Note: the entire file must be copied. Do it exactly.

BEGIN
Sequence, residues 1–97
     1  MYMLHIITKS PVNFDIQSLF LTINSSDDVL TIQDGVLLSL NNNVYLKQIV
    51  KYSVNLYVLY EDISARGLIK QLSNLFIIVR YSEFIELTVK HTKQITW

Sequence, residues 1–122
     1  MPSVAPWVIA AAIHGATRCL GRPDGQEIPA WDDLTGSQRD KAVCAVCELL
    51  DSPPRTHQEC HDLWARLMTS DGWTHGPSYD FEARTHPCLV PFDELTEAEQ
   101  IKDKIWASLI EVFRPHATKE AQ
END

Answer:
Sequence, residues 1–97
     1  MYMLHIITKS PVNFDIQSLF LTINSSDDVL TIQDGVLLSL NNNVYLKQIV
    51  KYSVNLYVLY EDISARGLIK QLSNLFIIVR YSEFIELTVK HTKQITW

Sequence, residues 1–122
     1  MPSVAPWVIA AAIHGATRCL GRPDGQEIPA WDDLTGSQRD KAVCAVCELL
    51  DSPPRTHQEC HDLWARLMTS DGWTHGPSYD FEARTHPCLV PFDELTEAEQ
   101  IKDKIWASLI EVFRPHATKE AQ